You are not permitted to download, save or email this image. Visit image gallery to purchase the image.
At 10.30am, the deceased estate of Milton identity and long-standing Massey Ferguson collector John Goldsworthy will go under the hammer at Barry Allison's farm at Moneymore.
For sale will be the fruits of a lifelong passion for vintage tractors and agricultural collectables, and interested parties will be able to bid on 31 tractors, including Massey Ferguson TEAs, 135s and 168s, two Fordson tractors, one Nuffield and a BMC Mini tractor.
Host, sale co-curator and friend of Mr Goldsworthy, Mr Allison said sadly not all the tractors were complete.
''Some could best be described as hulks, but there are still many others which go.''
The estate also included a ''huge number'' of farm implements, engines, compressors and machinery, alongside numerous accessories.
''There's more arriving this week, as I still have tonnes of bits in my sheds and stored in a van.''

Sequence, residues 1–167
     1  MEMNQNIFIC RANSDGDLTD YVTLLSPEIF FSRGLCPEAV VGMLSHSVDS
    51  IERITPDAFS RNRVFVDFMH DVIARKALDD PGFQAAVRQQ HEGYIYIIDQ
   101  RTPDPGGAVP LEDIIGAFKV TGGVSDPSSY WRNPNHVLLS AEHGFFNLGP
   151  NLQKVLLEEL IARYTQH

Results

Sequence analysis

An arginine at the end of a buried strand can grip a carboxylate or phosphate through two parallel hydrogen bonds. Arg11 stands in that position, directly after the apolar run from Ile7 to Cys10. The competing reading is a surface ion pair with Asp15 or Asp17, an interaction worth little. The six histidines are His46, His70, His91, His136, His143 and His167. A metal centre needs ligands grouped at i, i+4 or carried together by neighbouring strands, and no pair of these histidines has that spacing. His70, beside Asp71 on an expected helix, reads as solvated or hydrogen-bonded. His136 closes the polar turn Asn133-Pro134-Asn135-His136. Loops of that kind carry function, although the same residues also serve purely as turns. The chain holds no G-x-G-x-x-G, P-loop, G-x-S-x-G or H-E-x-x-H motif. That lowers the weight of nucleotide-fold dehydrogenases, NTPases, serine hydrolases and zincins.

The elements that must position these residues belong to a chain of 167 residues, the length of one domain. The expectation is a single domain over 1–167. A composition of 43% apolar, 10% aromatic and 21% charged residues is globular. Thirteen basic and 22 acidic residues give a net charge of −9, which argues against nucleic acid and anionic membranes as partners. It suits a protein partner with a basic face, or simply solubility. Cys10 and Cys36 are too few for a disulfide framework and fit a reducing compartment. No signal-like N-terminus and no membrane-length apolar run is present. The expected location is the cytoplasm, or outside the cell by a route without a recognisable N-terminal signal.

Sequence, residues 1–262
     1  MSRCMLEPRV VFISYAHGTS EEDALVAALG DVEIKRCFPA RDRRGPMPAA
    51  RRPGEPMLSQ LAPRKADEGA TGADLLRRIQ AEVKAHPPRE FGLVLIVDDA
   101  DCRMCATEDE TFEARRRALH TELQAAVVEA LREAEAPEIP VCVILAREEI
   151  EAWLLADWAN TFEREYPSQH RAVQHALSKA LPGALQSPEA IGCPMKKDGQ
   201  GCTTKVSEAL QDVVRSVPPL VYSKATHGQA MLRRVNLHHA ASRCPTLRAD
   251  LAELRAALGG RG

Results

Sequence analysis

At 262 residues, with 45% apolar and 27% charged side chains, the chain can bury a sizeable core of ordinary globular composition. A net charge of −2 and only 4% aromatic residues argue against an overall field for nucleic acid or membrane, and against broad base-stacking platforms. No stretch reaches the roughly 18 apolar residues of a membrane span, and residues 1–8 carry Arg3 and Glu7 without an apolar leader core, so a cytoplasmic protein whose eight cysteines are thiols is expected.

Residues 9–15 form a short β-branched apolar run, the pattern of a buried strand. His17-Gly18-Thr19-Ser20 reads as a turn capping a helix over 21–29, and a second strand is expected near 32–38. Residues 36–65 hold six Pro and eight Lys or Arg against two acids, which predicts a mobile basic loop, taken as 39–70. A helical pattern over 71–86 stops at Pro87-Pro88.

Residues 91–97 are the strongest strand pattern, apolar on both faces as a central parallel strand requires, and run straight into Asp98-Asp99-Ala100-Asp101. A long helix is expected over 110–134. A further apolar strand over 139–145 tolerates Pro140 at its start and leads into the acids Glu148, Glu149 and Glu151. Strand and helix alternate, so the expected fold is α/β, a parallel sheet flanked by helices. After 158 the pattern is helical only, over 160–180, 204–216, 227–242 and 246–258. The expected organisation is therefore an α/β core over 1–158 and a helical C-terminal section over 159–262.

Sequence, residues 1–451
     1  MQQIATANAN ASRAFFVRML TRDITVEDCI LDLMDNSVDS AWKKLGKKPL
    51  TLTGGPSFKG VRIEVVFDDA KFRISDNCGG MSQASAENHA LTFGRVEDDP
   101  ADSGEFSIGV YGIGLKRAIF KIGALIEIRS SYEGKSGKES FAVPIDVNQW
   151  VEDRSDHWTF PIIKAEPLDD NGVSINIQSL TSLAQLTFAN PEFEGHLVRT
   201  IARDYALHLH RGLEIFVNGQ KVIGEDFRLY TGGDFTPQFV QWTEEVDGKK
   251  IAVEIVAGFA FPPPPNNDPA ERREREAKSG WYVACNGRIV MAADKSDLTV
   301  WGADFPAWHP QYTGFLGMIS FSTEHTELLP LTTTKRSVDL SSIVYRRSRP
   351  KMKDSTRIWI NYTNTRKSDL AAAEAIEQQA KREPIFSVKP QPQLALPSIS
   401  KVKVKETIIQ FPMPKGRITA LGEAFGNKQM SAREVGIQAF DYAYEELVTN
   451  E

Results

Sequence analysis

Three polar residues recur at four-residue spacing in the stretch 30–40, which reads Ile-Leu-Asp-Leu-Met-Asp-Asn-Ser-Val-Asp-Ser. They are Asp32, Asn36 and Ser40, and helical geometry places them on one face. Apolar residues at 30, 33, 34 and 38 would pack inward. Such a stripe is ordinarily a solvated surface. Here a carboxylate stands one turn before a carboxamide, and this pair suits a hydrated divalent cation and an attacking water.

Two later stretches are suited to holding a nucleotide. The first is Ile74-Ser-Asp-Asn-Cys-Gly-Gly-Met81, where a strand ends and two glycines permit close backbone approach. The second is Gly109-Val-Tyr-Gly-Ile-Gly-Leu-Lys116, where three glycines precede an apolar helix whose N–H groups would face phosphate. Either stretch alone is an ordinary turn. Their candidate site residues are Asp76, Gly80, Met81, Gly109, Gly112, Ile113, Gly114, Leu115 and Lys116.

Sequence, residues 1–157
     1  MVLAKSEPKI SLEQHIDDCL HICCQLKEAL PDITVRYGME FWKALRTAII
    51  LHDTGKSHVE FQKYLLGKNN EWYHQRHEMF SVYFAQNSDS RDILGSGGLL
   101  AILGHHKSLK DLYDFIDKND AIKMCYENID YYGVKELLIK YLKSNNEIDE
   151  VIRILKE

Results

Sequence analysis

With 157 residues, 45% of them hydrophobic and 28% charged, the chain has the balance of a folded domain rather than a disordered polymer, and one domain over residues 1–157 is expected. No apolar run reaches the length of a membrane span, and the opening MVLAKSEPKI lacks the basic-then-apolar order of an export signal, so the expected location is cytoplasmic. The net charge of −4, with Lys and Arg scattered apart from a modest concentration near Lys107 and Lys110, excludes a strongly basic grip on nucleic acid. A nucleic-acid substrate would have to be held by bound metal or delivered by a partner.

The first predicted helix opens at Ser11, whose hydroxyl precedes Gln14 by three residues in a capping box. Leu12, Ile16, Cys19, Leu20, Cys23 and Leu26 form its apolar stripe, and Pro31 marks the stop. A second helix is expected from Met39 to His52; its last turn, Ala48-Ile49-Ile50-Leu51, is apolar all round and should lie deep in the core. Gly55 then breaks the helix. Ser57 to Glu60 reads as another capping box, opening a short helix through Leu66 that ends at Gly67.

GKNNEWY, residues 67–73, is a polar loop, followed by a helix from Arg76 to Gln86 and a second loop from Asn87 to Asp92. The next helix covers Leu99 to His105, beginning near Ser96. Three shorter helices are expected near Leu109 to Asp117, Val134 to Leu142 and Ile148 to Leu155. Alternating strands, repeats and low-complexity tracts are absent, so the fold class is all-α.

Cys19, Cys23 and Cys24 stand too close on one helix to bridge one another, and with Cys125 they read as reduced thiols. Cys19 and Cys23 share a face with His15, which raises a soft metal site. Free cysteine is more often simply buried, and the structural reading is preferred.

North American manufacturer Massey Ferguson was formed by the 1953 merger of Massey Harris of Canada and the Ferguson Company in Britain.
The auction line-up of Masseys and others ranges in period from mid-1940s through to the late 1960s.
Mr Allison said the youngest tractor was probably the BMC Mini, which powered by an adapted Austin A-series four-cylinder diesel.
In its original petrol form, the engine powered the Morris Minor, the Austin A35 and 402 and, later, the Mini.
Mr Allison said it was rare to see such a crossover.
''It's a thing of beauty.''
Among further vehicles of interest was another likely to inspire nostalgia.
Southland pie lovers could acquire their own bit of Gore history, in the shape of the ''old blue Massey Ferguson tractor'' once used to pull the Gore pie cart, Mr Allison said.